Is this, in itself bad? No, not really. Imagine the relief and sense of achievement of the caveman who has outrun the sabre-toothed tiger………….. Stress is a motivator and, on completion of a successful task, it can be rewarded and the stress levels drop to be replaced by a feeling of euphoria…………… However, it rarely works that way and one stressor can be piled on another until coping is no longer possible. Daily exposure to stressors can have negative consequences by causing hyper-vigilance or over-reaction during times when a state of calm awareness would be more productive. With daily exposure to these stressors, stress hormones can accumulate in the body and cause feelings of being burnt-out or depressed.
Effects of stress hormones
Stress hormones act by mobilizing energy from storage to muscles, increasing heart rate, blood pressure and breathing rate and shutting down metabolic processes such as digestion, reproduction, growth and immunity.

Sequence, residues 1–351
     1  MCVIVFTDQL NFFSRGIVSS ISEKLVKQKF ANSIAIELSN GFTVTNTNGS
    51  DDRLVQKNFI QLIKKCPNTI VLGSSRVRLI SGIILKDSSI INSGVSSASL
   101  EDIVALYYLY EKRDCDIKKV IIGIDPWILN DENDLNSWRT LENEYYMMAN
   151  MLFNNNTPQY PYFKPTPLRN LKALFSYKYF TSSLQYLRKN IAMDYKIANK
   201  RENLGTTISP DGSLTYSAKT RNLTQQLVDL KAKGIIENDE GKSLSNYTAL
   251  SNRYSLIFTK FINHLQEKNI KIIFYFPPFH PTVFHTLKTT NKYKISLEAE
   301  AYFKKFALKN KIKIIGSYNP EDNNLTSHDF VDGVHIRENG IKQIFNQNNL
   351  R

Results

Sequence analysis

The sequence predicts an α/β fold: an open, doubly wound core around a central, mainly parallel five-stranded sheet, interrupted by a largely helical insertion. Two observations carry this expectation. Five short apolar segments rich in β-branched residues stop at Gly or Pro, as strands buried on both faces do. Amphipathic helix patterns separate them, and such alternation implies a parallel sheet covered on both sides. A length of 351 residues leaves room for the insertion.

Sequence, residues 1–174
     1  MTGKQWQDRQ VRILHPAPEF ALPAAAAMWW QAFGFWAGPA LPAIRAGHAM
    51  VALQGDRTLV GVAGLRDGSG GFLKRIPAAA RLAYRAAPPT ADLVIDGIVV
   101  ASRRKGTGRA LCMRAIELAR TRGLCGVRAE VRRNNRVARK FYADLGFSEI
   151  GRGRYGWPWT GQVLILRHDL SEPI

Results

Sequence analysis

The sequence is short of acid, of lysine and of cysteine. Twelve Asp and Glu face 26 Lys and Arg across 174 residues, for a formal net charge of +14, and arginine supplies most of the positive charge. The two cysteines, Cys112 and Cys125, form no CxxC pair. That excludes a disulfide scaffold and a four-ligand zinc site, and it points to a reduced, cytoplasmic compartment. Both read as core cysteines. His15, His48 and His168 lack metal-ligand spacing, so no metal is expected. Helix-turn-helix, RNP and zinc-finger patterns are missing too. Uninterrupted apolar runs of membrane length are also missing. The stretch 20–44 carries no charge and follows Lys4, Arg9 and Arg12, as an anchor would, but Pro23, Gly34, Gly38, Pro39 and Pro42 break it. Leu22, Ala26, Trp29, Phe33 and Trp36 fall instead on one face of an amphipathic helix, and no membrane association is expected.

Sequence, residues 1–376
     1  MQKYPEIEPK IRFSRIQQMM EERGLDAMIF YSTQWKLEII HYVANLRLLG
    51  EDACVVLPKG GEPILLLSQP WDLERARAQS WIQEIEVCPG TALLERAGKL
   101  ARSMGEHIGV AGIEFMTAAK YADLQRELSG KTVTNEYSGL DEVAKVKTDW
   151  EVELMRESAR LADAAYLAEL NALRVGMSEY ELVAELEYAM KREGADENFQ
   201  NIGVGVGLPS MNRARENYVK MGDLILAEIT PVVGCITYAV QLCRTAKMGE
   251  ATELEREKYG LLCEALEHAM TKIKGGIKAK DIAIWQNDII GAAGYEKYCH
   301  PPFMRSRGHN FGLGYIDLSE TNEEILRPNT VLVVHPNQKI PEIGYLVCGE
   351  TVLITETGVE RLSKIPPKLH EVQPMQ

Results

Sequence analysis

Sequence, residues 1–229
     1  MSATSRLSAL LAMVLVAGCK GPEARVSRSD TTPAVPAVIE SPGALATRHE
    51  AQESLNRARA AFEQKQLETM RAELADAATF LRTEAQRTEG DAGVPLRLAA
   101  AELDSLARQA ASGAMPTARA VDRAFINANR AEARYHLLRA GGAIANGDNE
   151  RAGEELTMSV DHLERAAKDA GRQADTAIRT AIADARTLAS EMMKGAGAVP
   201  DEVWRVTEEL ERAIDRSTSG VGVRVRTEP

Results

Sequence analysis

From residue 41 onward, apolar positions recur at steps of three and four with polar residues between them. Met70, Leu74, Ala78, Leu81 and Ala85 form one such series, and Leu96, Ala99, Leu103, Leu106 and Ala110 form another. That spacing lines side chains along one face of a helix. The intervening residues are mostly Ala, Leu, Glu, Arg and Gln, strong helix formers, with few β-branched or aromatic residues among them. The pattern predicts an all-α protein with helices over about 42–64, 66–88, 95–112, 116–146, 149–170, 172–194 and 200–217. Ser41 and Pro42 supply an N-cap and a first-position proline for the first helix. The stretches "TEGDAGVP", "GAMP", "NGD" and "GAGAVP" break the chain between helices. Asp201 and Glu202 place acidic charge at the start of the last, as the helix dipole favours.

Constant stress causes continual release of various stress hormones which can cause:
- High blood pressure
- Stress-induced hypertension
- Effects on metabolic processes
- Lowered energy levels
- Stomach ulcers
- Decrease in testosterone levels in males
- Irregular menstrual cycles in females
- Lowered immune system
Research has shown that stress hormones are a major contributing factor in many major illnesses including cancer, heart disease and diabetes. Certain skin disorders, infections and psychological problems like generalised anxiety, panic, OCD, PTSD, depression, dissociative disorder, phobias and psychosis, have also been linked to cumulative stress.
Self-help methods of managing stress
- Exercise – The easiest way to deal with cumulative stress is through physical exercise. During exercise, we metabolise excessive stress hormones and restore our body and mind to a calmer, more relaxed state. Even five to ten minutes of exercise, where a sweat has been worked up, will metabolise stress hormones and prevent their excessive build-up. Exercise releases endorphins, which help us to feel better.